After pushback from the community, a polling place won’t move out of City Hall after all.

The fourth-floor City Hall council chambers, which is a polling place for Wards 3 and 4, will be under renovation during the April and August elections. City Clerk-Treasurer Dave Godek recommended temporarily moving the polling place across the street to the police department.

Several residents and representatives of minority-focused groups Monday implored the council not to use the police station as a polling place, claiming it would be a form of voter suppression.

René Bue, the Hedberg Public Library’s programming and outreach coordinator, said the city’s consideration of the police station as a polling place shows it isn’t as welcoming as she’d hoped. The city has created a situation with “unsettling coincidences” to an attempt at voter suppression, she said.

Resident Santo Carfora said the idea to use the police station is “typical white thinking.”

“This is a major microaggression. We never even considered the people being moved because we assumed, as white people, they’d be fine,” Carfora said.

“We don’t have to think about our whiteness. That’s a privilege,” he said.

Resident Al Lembrich said it was ridiculous for people to complain about using the police department as a polling place. “Troubled, mixed-up” people can vote absentee, if they even vote, Lembrich said.

Most who opposed the police department as a polling place commended the Janesville Police Department and Chief Dave Moore for their progressive mindset and work to bridge racial divides.

“My opposition is not against the Janesville Police Department. It is against the unintended outcome of voter suppression that may occur with the move,” said Lonnie Brigham Jr., chairman of the African American Liaison Advisory Committee.

He held up a petition he claimed had more than 1,000 signatures from Wisconsin residents who agree police stations shouldn’t be polling places.

Janesville, once home to the Ku Klux Klan, would “make history by repeating history” if the police station became a polling place, Brigham said.

“It’s time for the few to start hearing the voice of the many,” he said.

Cathy Myers, a Janesville School Board member and Democratic congressional candidate, also opposed using the police department.

“This is an oppressive way to keep people from coming to vote. I think that’s wrong,” said resident Ray Jewell. “I think that this would be a big step backwards.”

Councilman Paul Williams apologized for not immediately seeing a problem with the police station being a polling place. Some minorities in Janesville come from Rockford, Illinois, and Chicago, where they’ve had bad experiences with police, and Williams can’t put himself in their shoes, he said.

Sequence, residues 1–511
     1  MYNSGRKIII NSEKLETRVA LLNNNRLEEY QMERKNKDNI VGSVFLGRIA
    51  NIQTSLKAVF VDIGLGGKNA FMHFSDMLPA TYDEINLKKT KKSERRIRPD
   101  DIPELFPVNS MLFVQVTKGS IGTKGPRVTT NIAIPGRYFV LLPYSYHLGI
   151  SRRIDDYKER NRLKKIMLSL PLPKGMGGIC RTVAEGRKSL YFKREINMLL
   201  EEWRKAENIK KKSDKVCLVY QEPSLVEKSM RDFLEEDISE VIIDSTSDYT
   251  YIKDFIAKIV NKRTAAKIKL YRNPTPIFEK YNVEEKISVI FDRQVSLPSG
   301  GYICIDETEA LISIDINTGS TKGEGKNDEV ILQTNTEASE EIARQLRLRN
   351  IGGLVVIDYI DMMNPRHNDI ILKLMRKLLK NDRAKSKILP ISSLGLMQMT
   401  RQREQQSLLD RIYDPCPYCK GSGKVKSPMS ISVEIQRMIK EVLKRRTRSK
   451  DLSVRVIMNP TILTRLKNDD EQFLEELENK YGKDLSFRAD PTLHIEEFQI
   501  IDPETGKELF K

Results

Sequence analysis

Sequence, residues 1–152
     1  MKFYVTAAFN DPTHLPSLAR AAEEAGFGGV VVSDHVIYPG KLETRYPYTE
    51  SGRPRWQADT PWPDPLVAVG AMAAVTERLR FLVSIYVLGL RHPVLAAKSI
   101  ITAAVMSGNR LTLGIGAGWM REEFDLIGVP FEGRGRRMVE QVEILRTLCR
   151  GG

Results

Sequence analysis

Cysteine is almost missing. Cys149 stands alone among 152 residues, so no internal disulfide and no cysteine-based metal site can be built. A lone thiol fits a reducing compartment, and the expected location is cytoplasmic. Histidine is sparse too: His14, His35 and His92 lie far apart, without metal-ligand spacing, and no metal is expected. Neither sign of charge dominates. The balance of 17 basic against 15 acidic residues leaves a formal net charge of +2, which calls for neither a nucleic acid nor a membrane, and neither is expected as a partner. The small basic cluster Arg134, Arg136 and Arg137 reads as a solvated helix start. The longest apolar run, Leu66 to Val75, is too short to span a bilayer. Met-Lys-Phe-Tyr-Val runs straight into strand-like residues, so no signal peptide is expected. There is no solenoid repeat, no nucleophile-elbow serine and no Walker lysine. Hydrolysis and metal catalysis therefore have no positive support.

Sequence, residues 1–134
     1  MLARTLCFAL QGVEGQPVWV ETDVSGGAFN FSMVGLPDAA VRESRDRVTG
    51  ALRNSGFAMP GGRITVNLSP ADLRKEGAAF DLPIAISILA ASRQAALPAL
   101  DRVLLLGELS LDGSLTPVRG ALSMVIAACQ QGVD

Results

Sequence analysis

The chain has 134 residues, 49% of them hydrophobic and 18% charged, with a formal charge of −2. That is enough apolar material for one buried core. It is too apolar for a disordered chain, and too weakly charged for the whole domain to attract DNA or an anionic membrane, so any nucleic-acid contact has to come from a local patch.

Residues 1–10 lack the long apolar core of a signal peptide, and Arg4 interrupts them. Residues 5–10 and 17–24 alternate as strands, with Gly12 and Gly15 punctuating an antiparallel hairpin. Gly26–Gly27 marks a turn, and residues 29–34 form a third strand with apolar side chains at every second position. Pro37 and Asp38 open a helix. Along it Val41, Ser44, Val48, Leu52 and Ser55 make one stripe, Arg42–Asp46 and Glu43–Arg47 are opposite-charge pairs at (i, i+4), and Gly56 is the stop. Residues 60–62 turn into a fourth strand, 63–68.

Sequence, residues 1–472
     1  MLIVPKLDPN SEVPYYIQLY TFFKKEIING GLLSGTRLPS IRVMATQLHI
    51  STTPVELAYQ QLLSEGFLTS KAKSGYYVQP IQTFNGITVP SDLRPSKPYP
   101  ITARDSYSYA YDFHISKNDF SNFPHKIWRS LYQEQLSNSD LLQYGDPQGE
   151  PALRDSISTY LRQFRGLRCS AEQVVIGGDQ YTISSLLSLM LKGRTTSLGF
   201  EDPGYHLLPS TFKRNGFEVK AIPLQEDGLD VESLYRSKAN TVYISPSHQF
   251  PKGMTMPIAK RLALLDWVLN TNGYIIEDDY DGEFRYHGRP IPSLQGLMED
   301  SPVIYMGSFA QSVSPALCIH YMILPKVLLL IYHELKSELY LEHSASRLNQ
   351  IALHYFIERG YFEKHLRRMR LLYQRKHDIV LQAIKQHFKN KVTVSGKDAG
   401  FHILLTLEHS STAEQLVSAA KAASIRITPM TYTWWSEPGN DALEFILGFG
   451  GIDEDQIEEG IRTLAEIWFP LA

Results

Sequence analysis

Councilwoman Sue Conley said it’s not a black or white issue, but rather one about human rights. Even some white people might be intimidated by voting in a police station, she said.

Conley suggested keeping the polling place at City Hall but moving it to the first floor. Godek said that was an option but that space is limited.

City Manager Mark Freitag said if the polling place moved to the first-floor lobby, the nearby human resources and attorney’s offices would close for the day to accommodate voters.

Before the motion to keep the polling place at City Hall, Councilman Jens Jorgensen spoke in favor of using the police station for voting. If the polling place were moved elsewhere, some voters without reliable transportation might not make it to the new location, which is another form of voter suppression, he said.

“On Election Day, I don’t think the enemy is going to be the police department. It’s going to be confusion,” Jorgensen said. “That’s what I really, really worry about.”

The national media report negative stories about the relationship between police and minorities, but that’s not an issue in Janesville. The Janesville Police Department is “world class” in its progressiveness, Jorgensen said.

“This is a chance to really show how open of a community we really are,” he said.

Conley said her recommendation to keep the polling place at City Hall is a compromise between those who don’t want to vote in a police station and those such as Jorgensen, who worry moving the polling place far from City Hall could confuse voters.

Several speakers recommended Wilson Elementary School as a polling place. Godek said he reached out to the school and never heard back. Other locations Godek considered included the Armory, the Traxler Park warming house and City Hall’s parking garage. After evaluating them, Godek’s recommendation remained the police department.

Other places, such as Janesville’s Central Fire Station, First Presbyterian Church and the Janesville Senior Center, had limited parking or did not comply with the Americans with Disabilities Act, so they were not good alternatives.

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